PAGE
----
Vs New Zealand, Third Test, Napier, 2008: The series is tied at 1-1 with all to play for in the final Test at McLean Park. England post 253 in the first innings. Broad scores an invaluable 42 (from 147 for 6) and is the second-highest scorer of the innings after Pietersen (129). New Zealand in reply are cleaned up for 168 with Sidebottom leading the way with seven wickets. Broad accounts for three. Strauss and Bell hit tons in the second innings as the hosts are set a target of 553. Broad again plays a supporting role and claims two top order wickets (Panesar took six). New Zealand are bowled out for 431.

Broad made his Test debut in Sri Lanka (played just one Test in the series) a few months after England’s infamous exit from the 2007, World T20. So, in his first full series, Broad showcases the big-match player in him and produces an SD .

The Ashes, Fifth Test, The Oval, 2009: England, electing to bat in the decider, post 332. Broad contributes 37. He then runs through the Australian top and middle order and returns with a fifer. Australia are bowled out for 160. England post 373 in the second innings setting the visitors a daunting 546. Broad plays a supporting role accounting for Watson (Swann and Harmison lead the way). Australia are bowled out for 348.

England won the Ashes 2-1 after a 5-0 drubbing in 2006 in Australia.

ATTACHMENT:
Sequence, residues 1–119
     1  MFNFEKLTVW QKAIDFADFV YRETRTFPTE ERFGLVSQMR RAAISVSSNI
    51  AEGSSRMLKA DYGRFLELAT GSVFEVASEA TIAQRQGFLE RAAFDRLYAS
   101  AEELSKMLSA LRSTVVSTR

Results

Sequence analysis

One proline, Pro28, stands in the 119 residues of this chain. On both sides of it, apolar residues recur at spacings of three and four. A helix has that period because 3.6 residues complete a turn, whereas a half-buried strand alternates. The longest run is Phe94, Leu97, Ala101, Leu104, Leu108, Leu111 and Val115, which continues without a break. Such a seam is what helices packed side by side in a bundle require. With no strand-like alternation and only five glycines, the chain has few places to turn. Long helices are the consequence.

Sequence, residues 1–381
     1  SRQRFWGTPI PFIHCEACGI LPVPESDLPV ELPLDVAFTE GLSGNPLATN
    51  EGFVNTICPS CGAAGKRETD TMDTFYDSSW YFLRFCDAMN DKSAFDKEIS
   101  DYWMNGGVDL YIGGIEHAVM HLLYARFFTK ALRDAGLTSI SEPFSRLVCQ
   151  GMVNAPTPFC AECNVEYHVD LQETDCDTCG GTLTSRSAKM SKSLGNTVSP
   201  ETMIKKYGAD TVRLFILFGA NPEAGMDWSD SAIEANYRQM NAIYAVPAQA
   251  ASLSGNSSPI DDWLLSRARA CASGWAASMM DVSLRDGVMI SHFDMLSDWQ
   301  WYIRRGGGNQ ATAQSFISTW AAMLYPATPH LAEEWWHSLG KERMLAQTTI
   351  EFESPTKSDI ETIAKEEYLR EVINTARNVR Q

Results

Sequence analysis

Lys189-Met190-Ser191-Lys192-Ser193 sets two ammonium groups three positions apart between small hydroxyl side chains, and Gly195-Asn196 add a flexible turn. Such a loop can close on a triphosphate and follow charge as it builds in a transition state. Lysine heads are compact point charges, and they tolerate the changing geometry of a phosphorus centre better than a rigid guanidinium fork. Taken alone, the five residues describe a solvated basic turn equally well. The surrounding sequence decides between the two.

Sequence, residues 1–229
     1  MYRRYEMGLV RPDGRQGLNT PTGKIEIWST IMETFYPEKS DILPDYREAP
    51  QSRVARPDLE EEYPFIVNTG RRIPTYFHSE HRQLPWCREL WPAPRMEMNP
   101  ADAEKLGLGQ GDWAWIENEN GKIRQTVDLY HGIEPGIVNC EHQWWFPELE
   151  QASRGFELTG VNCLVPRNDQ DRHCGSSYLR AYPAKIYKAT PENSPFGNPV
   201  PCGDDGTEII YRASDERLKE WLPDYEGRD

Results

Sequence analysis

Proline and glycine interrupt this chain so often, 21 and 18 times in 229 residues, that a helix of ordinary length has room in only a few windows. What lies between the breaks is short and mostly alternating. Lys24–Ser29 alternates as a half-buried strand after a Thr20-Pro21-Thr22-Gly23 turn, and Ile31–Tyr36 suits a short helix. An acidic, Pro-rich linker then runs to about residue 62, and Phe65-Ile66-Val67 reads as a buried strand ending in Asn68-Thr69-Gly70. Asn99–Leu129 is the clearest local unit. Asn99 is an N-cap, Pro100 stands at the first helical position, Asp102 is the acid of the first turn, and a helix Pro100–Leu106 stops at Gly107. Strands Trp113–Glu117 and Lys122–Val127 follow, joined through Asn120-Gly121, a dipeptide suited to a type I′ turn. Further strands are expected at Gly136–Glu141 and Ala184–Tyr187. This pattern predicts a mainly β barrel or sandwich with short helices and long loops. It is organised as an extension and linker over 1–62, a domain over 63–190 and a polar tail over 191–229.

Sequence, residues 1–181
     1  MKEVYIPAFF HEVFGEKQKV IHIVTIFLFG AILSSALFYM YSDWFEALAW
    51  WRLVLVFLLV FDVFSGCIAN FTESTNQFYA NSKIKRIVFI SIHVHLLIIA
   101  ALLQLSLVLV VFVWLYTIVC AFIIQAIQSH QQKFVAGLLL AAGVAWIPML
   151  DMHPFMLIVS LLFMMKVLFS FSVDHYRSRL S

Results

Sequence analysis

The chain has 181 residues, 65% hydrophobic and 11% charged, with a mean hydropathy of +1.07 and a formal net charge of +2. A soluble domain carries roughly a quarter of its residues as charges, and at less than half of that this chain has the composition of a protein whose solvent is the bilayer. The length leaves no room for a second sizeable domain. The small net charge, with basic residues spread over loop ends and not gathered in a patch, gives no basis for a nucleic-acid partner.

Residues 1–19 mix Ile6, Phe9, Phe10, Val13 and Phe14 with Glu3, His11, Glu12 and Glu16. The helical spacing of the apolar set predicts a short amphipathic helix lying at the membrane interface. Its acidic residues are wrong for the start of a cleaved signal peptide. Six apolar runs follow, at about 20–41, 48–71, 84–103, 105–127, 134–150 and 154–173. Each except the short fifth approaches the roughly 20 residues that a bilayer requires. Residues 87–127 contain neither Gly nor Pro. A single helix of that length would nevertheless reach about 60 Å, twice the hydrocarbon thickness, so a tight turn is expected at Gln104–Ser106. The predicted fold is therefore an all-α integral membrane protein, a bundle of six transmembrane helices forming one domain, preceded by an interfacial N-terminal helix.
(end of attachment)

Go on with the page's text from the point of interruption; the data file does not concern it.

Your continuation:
Broad was the highest impact player for England from his debut till the end of the 2009 Ashes – completing a remarkable comeback in all formats of the game.

He went to register two more SD performances, both in series victories against India in 2011 and 2014 (this time for consistently producing high impact performances in the series).

During his career (Dec 2007 till date), Broad has been England’s second-highest impact player in Test cricket after Swann. His 23 high impact performances are also the most by any English player in this period. He has also been the biggest series-winner for England (along with Pietersen; 4 SDs each) only after Cook (5 SDs).

So while Anderson is harped for his technique and for his ability to swing the ball it has been Broad (along with Swann) who has produced series-defining spells in Test cricket for England in the last decade.

Broad’s remarkable turnaround and his significant contribution to English cricket in all three formats of the game cannot be understated.

Talk about fighting a stigma and turning a career around.

He is no support act to anyone.




Nikhil Narain